By Ann Hoskins, calf products coordinator
As we talked about in Calf Chat, it’s time to get out your winter gear and re-establish your winter protocols. Although we’re a few weeks away from implementing all of the winter protocols, temperatures are dropping fast and it’s better to be ready than scramble at the last minute.
Maternity and newborn pens
Let’s start in the maternity area. Move calves from the calving pen and use clean towels to vigorously dry them as fast as you can. Then place them in a well-bedded area until they dry completely. If you are using heat lamps, be sure they are safe and not so hot they could burn the calf.
Ideally, you want the calf dry and in a hutch within 12 hours of birth. If you use a warmer, it’s a much quicker process and the calf should be in a hutch within a few hours. Remember, using heat is a great option to get the calf dry and warm, but too much exposure makes the transition back to cold temperatures hard on the calf. Plus, bacteria thrive in warm places, so make sure you are cleaning these pens often.
Newborn calves are particularly vulnerable to temperature changes. The newborn calf has a thermoneutral zone that falls between 55 and 77 degrees F. Within this range, the animal doesn’t have to dissipate or conserve heat to maintain body temperature.
However, when the ambient temperature drops below 55 degrees F, newborn calves need to expend extra energy to maintain body temperature. Calves need an estimated 32 percent extra energy with temperatures between 25 and 55 degrees F for maintenance alone. This does not account for growth and proper immune function.
Several options can increase energy in the milk diet:
- Feed more of your current milk ration
- Increase solids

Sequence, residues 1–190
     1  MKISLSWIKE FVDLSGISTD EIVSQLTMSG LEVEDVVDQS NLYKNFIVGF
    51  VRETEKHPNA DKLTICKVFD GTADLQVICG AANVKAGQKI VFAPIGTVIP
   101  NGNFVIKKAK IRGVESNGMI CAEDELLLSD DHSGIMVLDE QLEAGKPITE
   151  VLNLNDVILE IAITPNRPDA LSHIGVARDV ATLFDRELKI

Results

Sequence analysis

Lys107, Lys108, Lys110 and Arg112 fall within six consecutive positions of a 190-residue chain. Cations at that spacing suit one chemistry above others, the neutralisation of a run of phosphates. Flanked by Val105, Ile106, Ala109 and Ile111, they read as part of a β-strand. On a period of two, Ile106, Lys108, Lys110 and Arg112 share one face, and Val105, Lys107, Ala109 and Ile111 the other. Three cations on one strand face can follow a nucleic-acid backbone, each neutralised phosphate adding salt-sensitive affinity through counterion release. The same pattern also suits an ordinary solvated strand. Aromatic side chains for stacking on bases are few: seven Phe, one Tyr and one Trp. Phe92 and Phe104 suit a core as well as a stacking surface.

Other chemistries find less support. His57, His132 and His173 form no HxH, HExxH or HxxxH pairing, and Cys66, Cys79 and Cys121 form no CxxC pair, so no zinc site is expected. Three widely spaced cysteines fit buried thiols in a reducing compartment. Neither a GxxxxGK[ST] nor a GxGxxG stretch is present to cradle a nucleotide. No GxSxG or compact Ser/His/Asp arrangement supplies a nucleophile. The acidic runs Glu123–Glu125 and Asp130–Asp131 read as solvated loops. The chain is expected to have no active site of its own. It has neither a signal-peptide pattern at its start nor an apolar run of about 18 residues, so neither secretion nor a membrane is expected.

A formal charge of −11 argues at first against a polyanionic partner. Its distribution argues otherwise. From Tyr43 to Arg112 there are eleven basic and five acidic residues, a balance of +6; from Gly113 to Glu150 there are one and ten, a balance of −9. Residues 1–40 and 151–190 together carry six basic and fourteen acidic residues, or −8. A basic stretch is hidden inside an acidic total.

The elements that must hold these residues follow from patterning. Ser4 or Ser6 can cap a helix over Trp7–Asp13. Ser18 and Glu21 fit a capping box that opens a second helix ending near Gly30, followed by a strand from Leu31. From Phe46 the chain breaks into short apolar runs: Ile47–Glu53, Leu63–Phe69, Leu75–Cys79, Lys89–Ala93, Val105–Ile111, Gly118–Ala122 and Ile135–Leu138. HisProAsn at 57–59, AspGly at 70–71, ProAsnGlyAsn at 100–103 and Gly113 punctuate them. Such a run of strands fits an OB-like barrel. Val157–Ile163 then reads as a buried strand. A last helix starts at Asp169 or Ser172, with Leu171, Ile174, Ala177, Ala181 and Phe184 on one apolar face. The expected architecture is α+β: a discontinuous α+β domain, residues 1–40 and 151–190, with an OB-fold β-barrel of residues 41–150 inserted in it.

- Add fat
Each of these options comes with pros and cons and should be evaluated in-depth. Talk through the options with your Vita Plus representative
and pick the one that works best for your farm. No matter which option you choose, consistency is the key to success as winter feeding protocols start in November and continue into March.
Water is always an important part of the calf’s diet in addition to milk and starter. Feed water at room temperature shortly after milk and dump the pails before they freeze. Research shows feeding water stimulates starter intake.
By now, I hope you have switched back to straw or other bedding that provides good nesting. Bedding should be deep and fluffy, allowing the calf to nest and conserve energy. When she lies down, at least two-thirds of her legs should be hidden in the bedding. Bedding should also be dry. Use the knee test to make sure you’re meeting that goal.
It’s time pull out your calf jackets to make sure they are clean and in good condition. Check to make sure the Velcro and clips are working properly. Make sure you have enough jackets for all calves younger than three weeks. Make sure the calf is dry before you put on the jacket; a jacket on a wet calf holds the moisture and chills the calf.
The rule of thumb is to keep the calf jacket on until the calf is consuming grain regularly, usually at about three weeks. As it grows, adjust the straps to allow for the bigger animal.
These are just a few key areas to focus on when looking at your winter protocols. It is always good to do a complete evaluation of your program and figure out what tweaks need to be made for winter.
Keys to successful calf raising in cold temperatures:
- Provide enough energy in the diet to maintain growth and performance.
- Slowly transition to the winter feeding program. Changing solids levels too quickly may cause calves to bloat or go off feed.
- Calves need access to fresh, clean, warm water starting at day 3.
- Offer fresh starter daily at day 3.
- House calves in a clean, draft-free, dry and well-bedded environment.
- Bed calves with a 12-inch layer of long straw to allow nesting.
- Use calf jackets for calves younger than three weeks.
- Clean, sanitize and dry feeding equipment between consecutive feedings.